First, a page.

By John Williams
EB February 1999
Harold Franklin, a charismatic bridge personality who achieved outstanding success in a variety of roles - leading British player, world-renowned tournament director, editor and administrator - died just before Christmas after a long illness.
Harold, born in Leeds in 1915, read modem languages at Leeds University and was destined for a legal career when the war intervened. He joined the army and after being commissioned in the artillery in 1941 he joined the Maritime RA and was posted to India.
Harold took up bridge in 1938 and achieved immediate success in Yorkshire. After the war he formed a promising partnership with Bobbie Mercado, which ended abruptly with an explosion at the table during British team trials: in his early years his temperament was so volatile as to make him feared by friend and foe alike!
His next partnership, with Louis Tarlo, achieved wins in the Two Stars and the Lederer Cup, both at the first attempt, and he also won the National Pairs in the period, in 1952 and 1960. He represented Great Britain in the European Championships of 1952 and 1956 and regularly captained English and British teams in the 1960s, notably the British Ladies teams which won the World Teams Olympiad in 1964, and the 1963 and 1966 European Championships.
It was to Harold’s great credit that he conquered his temperament in order to harness his assets as a player. Nonetheless, he gave up a playing career and made a living in other areas of the game, becoming prominent as a writer, tournament director, broadcaster and promoter. He was bridge correspondent of the Yorkshire Post for many years, and Editor of the EBU Quarterly magazine from its inception in 1966 until it was superseded by English Bridge in 1984. He was Chief Tournament Director of the EBU for over 20 years until 1983, and of the European Bridge League and World Bridge Federation. He was a member of the Laws Commission of both bodies.
For the EBU, in addition to his role as Chief TD, he served on the Tournament Committee and Laws and Ethics Committee, and was highly successful in bringing EBU tournaments to the attention of sponsors. He was an innovator, being responsible for bringing to Europe the Swiss Teams format, invented in the USA to manage large fields, and for designing the concept of Swiss Pairs. He also developed hotel leisure bridge weekends, first with Grand Metropolitan Hotels and later with the Hilton group. He continued to organise these after retiring from his many other bridge activities in the mid 1980s. The EBU rewarded his distinguished service with a pension, and the titles of Vice President and Honorary Life Member.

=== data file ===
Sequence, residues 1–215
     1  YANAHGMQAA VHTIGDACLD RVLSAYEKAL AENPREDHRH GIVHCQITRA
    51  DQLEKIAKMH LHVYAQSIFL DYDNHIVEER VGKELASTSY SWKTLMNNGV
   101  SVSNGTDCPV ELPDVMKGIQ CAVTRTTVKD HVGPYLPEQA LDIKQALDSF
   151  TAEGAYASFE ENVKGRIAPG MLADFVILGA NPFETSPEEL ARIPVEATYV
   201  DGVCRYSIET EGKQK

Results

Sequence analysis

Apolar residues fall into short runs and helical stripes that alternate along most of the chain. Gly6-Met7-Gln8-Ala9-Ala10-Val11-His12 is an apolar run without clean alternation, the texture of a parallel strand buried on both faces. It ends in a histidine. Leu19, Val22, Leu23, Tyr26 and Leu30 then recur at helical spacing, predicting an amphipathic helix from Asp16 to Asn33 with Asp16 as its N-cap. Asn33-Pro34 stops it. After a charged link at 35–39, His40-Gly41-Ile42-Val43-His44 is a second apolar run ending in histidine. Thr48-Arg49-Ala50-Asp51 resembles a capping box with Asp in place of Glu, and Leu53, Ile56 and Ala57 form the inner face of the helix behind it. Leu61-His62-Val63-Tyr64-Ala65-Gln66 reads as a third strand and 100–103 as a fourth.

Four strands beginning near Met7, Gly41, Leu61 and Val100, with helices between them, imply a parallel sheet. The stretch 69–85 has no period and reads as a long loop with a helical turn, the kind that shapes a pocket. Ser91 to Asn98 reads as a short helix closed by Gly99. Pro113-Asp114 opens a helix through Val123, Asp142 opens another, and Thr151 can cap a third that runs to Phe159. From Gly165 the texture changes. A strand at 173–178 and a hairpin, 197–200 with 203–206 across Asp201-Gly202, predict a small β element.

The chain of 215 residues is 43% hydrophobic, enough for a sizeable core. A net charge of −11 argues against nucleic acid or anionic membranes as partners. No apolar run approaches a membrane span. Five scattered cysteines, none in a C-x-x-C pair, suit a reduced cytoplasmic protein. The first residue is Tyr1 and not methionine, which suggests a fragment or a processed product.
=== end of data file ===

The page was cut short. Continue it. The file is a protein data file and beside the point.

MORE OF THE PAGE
Harold suffered a serious heart attack in 1991 and by the end of 1993 his health had deteriorated to the extent that he required 24 hour care and nursing - a sad conclusion to the career of one of the most gifted and energetic figures in the history of the game. Harold never married and is survived by three nephews, to whom he has always been a tower of strength.
Major International Appearances
European Championships: 1952 and 1956
Camrose Trophy Selections: 1948 1949 1950 1951 1952 1953 1954 1956 1957 1959 and 1961
Gold Cup Winner: 1954 and 1960
Autumn Congress Two Stars Pairs Winner: 1950
The Hubert Phillips Bowl Winner: 1952 1962 and 1964
Masters Pairs (1936-1965) winner: 1952
National Pairs winner: 1950
Tollemache Cup winner: 1948 1949 and 1961